Before you judge, you should know it's not entirely uncommon that someone would toss roadkill in their car on their way home.

It wasn't uncommon at least for one of my extended family members who would bring home so much deer he would run out of room in his freezer and need to store it elsewhere, including the chest freezer my parents kept near our kitchen.

My mom used to tell the story of how she came downstairs one morning to find this particular family member sawing away at a deer leg on our orange carpeted kitchen floor because he needed a "roast."

There was so much deer, I'm pretty sure he wasn't hunting them. If it was roadkill, it would have been perfectly legal in my home state.

Young Deer walks across highway on a blind curve
Getty Images/iStockphoto

States That Allow You To Take Home Roadkill

Every state except one allows their residents to take home dead animals they find while out on the road. Before considering this, you should know each state has specific rules regarding which critters you can and cannot throw in your trunk.

I currently live in Illinois where the Department of Natural Resources does not have a limit on the amount of dead deer you take home. They do, however, have guidelines on whether the deer can be claimed:

  • If you hit the deer with your car in Illinois, the deer is now yours
  • If you find a deer and you didn't hit it with your car, you have 24 hours to file a Road Kill Deer Claim Report
  • Only Illinois residents can claim roadkill deer found in the state (sorry, Wisconsin)

These rules only apply to deer. Illinois, like several other states, has different rules depending on the animal. I'd suggest reviewing this list of states' roadkill laws before running out to grab dinner.

Deer run over an empty highway
Getty Images/iStockphoto

Only State Where It Is Illegal To Take Home Roadkill

You can grab a free meal off the road in every state except for one.

No, it's not California where they now have the Kill It and Grill It Law.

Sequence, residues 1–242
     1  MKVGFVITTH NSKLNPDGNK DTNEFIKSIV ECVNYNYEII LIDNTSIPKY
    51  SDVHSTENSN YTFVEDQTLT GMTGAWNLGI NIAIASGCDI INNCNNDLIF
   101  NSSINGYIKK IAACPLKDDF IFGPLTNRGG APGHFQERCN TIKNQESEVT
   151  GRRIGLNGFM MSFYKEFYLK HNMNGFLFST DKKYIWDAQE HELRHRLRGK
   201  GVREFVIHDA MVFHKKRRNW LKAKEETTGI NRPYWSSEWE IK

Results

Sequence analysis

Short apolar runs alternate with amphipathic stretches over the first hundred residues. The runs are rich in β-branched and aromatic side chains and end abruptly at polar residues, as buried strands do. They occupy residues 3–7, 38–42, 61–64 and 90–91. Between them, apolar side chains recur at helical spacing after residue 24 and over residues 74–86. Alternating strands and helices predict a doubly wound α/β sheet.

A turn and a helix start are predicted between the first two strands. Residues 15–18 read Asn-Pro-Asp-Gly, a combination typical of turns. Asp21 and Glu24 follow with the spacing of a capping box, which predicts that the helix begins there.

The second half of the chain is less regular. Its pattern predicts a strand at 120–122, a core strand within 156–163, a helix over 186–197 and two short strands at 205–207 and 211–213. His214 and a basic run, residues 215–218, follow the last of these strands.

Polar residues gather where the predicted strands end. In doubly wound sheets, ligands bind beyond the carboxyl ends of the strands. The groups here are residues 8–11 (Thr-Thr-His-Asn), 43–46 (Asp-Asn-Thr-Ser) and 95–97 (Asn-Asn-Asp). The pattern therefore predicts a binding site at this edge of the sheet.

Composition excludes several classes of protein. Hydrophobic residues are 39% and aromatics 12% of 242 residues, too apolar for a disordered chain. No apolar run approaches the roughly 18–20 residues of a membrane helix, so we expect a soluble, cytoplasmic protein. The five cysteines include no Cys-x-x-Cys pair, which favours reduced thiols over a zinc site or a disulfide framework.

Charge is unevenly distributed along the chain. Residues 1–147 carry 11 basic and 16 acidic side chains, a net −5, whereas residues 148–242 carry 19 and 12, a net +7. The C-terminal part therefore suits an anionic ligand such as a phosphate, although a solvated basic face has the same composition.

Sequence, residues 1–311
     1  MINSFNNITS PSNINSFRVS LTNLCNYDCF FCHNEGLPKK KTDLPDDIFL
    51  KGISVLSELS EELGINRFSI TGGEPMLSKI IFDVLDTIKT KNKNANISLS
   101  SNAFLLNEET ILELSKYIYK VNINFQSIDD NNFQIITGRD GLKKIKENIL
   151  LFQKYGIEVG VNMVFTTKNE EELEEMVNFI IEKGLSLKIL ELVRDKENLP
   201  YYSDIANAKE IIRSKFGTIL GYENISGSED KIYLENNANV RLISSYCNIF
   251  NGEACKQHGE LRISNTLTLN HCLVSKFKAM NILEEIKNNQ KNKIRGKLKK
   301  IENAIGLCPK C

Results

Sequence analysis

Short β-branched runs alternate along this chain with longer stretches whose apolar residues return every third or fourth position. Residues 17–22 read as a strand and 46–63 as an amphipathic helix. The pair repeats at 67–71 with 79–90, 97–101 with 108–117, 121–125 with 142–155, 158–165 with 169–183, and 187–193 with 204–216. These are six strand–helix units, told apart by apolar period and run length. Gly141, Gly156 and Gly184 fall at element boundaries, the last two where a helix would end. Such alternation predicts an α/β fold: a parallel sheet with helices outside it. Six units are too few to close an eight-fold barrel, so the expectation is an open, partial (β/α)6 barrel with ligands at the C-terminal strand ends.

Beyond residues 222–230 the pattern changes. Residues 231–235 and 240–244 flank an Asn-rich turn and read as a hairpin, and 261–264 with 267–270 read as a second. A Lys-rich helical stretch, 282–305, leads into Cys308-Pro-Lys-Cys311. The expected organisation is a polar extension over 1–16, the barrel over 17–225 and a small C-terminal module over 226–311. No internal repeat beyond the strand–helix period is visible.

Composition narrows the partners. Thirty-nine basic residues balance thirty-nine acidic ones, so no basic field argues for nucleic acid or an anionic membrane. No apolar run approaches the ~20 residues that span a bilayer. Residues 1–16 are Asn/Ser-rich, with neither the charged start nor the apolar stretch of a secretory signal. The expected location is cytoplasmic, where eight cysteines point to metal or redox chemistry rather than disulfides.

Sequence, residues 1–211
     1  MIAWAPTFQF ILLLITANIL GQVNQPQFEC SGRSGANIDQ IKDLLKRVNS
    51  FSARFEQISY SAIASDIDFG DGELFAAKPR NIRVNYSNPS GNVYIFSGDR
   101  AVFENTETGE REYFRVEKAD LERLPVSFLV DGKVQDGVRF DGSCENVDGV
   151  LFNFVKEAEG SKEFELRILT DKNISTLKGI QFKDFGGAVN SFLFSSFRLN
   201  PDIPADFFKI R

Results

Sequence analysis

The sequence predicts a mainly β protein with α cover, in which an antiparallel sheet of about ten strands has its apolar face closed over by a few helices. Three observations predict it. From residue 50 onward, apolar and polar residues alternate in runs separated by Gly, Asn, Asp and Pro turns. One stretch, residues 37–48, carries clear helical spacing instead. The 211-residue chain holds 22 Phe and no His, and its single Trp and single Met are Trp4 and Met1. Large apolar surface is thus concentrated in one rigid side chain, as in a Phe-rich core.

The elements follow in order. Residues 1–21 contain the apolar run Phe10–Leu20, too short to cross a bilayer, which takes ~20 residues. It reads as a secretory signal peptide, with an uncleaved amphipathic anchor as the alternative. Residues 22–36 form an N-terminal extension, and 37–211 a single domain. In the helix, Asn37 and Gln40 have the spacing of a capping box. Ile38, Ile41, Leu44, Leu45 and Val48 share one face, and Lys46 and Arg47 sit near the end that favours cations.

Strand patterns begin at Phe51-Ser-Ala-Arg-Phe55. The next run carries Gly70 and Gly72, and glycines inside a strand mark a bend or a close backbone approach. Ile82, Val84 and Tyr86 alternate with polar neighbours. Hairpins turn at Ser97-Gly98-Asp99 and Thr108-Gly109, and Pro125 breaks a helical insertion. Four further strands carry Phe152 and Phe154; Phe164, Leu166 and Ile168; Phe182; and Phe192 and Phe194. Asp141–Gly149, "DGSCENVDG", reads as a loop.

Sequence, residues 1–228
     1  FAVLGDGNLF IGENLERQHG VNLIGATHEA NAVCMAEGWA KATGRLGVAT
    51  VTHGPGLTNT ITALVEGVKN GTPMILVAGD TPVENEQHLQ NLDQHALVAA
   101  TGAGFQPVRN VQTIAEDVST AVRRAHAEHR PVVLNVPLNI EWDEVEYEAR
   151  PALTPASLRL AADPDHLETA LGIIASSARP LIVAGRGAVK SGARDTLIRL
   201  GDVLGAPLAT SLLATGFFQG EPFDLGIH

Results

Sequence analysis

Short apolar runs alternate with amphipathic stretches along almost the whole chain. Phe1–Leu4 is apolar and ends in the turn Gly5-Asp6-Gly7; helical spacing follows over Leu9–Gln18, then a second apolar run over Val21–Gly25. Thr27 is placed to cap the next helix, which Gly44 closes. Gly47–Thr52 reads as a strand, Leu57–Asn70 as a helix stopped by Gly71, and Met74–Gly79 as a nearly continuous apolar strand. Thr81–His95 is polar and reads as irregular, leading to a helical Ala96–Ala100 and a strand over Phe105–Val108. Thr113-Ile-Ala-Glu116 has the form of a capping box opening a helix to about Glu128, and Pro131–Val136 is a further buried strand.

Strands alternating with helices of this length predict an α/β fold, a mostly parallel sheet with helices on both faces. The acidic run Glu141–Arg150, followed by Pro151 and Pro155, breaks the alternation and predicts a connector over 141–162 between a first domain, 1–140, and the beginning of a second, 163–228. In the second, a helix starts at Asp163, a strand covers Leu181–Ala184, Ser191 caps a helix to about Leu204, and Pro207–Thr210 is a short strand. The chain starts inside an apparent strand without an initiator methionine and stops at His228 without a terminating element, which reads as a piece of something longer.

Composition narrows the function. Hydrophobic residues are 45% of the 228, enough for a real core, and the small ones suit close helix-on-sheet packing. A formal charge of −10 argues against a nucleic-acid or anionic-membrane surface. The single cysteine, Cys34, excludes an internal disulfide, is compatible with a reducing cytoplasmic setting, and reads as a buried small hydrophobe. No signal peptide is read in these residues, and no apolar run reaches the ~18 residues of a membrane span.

READ MORE: Oklahoma Cow Born With Heart On Its Head Goes Viral

Texas is the only state where it is illegal to scoop up roadkill and toss it in your vehicle. Don't event think about taking home a deer that you hit with your car in Texas.

According to Texas Parks and Wildlife, you should call the local game warden dispatcher if a deer is injured. If the deer is dead, you are only allowed to move it off the road.

"If you are absolutely sure the deer is dead, you may move it off the roadway and leave it there," the department says.

Here is how Texas and the other 49 states rank when it comes to how likely you are to crash into a wild animal with your vehicle.

LOOK: Here are the states where you are most likely to hit an animal

Hitting an animal while driving is a frightening experience, and this list ranks all 50 states in order of the likelihood of such incidents happening, in addition to providing tips on how to avoid them.

Gallery Credit: Dom DiFurio & Jacob Osborn

States with the most registered hunters

Stacker analyzed data from the U.S. Fish and Wildlife Service to determine which states have the most registered hunters. Read on to see how your state ranks on Stacker’s list.

Gallery Credit: Meagan Drillinger

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